• Sudden or chronic changes in weight. If you notice that your pet has had an unexplained drop in their weight, they should see their veterinarian immediately. Weight loss is sometimes one of the first indicators of a cancer diagnosis. The first steps are very similar to what has already been stated and usually include blood work, a urine sample, radiographs and/or an abdominal ultrasound.
  • Unexplained swelling, heat, pain or lameness. There are a lot of different causes for these signs in dogs and cats. Any persistent swelling, pain or lameness that does not improve with supportive care should be investigated further. In dogs, a bone tumor called osteosarcoma can cause a firm swelling in either their front or back legs, but rarely in other bones in the body. Most of these dogs will improve initially with pain medications and anti-inflammatories, but it never completely resolves and the swelling remains. If this is the case, then along with initial diagnostics (i.e. blood work and a urine sample), radiographs of the affected limb are recommended. If there are changes noted in the bone, the next steps usually include chest radiographs and either an aspirate and/or biopsy with culture of the concerning area in the bone to try and arrive at a diagnosis.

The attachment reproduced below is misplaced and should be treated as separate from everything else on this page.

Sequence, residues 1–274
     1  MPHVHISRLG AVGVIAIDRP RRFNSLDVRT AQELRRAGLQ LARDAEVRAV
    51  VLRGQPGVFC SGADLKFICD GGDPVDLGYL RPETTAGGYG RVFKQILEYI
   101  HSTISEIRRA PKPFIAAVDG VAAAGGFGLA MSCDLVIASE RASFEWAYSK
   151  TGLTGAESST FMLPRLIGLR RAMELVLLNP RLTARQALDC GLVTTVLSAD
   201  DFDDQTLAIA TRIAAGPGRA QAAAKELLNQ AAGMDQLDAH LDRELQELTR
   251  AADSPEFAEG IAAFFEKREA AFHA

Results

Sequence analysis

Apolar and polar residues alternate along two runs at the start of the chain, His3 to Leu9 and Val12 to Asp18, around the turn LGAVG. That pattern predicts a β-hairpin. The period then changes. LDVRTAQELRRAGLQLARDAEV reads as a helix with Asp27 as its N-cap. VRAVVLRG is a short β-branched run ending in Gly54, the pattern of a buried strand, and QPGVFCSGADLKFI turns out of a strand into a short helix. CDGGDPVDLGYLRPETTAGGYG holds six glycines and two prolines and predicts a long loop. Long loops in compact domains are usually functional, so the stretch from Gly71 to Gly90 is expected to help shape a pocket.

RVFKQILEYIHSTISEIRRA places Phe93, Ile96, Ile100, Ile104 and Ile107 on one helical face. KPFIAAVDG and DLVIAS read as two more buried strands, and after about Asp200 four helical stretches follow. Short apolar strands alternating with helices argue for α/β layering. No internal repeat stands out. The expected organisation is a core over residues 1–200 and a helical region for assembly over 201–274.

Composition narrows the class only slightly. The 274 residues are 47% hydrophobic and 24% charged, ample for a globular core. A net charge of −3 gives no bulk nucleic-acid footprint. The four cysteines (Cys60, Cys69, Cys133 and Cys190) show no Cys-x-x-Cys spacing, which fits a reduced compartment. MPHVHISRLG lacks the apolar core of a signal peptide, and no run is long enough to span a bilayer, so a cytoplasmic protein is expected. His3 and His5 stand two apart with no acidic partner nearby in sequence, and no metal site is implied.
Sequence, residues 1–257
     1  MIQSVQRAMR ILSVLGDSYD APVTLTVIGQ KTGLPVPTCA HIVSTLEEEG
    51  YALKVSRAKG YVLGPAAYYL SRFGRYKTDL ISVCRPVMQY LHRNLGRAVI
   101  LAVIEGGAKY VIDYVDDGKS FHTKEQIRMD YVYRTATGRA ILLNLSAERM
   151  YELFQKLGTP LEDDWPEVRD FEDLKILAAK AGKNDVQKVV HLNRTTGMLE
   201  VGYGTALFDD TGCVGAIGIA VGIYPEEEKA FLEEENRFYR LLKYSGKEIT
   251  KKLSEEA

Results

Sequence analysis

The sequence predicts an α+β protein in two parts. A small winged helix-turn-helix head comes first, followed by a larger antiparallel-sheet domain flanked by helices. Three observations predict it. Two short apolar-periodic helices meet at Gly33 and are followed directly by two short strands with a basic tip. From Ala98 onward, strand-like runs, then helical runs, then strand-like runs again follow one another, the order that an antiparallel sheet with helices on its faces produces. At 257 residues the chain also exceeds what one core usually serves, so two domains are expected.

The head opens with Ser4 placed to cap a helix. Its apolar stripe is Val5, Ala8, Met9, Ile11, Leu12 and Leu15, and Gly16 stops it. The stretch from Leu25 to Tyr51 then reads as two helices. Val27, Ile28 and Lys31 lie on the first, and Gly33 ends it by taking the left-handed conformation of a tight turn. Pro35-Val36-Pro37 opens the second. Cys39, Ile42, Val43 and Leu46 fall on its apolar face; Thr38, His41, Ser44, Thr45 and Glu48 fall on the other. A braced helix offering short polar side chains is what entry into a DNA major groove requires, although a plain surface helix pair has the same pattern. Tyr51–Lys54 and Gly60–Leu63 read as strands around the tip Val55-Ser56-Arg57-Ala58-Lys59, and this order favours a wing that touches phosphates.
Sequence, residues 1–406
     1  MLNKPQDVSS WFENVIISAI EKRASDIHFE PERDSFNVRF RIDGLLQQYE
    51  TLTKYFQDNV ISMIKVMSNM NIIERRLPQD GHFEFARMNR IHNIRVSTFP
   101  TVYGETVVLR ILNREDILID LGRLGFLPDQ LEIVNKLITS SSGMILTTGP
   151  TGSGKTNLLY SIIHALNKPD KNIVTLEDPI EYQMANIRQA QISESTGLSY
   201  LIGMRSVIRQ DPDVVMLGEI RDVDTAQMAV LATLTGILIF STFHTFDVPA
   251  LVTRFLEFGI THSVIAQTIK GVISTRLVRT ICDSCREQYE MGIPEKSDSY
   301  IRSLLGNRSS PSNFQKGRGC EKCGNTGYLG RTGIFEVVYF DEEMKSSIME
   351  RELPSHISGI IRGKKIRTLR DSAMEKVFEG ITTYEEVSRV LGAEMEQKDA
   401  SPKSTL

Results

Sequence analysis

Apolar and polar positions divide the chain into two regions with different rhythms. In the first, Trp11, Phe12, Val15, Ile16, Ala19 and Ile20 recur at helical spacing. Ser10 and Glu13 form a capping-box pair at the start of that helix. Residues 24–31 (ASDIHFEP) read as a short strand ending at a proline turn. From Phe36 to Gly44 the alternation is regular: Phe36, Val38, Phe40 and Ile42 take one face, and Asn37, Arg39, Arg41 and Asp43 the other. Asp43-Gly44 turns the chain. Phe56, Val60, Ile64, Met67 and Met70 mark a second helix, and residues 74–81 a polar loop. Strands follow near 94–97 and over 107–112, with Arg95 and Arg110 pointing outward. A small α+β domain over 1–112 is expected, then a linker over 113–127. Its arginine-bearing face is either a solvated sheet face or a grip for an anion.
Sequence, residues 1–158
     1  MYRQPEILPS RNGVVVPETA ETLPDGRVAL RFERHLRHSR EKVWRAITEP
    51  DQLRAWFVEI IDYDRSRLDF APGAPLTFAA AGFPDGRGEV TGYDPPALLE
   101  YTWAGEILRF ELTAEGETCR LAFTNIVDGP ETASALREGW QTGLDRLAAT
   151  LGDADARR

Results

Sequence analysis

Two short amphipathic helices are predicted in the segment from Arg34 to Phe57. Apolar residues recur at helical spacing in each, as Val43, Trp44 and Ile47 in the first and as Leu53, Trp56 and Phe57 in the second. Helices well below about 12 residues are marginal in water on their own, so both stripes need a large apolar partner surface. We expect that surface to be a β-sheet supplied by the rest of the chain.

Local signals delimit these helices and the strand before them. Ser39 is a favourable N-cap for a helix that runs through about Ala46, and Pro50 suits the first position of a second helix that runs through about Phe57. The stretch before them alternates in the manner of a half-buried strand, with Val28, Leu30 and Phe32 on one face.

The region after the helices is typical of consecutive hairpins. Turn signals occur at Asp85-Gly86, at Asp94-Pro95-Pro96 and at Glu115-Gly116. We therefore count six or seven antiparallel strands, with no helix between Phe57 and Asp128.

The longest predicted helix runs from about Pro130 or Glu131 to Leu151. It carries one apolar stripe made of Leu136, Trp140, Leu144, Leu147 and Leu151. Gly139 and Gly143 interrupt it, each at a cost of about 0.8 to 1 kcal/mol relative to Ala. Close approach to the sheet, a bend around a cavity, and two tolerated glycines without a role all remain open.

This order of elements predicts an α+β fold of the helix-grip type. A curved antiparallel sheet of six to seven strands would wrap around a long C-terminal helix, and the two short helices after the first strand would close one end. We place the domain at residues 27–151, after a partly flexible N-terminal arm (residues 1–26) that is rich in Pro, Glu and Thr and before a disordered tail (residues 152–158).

• Visible mass/tumor. As stated above under lumps, bumps or discolored skin, any new mass should be evaluated with aspiration. Based on the aspirate results, further recommendations can be made.

If your pet is diagnosed with cancer, the next step is being referred to an oncologist where they will discuss your pet’s prognosis and treatment options with you. Fortunately, dogs and cats tolerate most cancer treatments very well. The goal with any cancer treatment is to ensure that your pet maintains a good quality of life before, during, and after treatment. However, in many instances a cure is not possible. In these cases, our goal is to achieve a good quality of life for your pet for as long as possible. We believe quantity of life is meaningless without quality. It is also important to realize that you know your pet best, and the criteria for determining one animal’s quality of life may not suit another. Being armed with the correct information allows you to be the best advocate for your pet.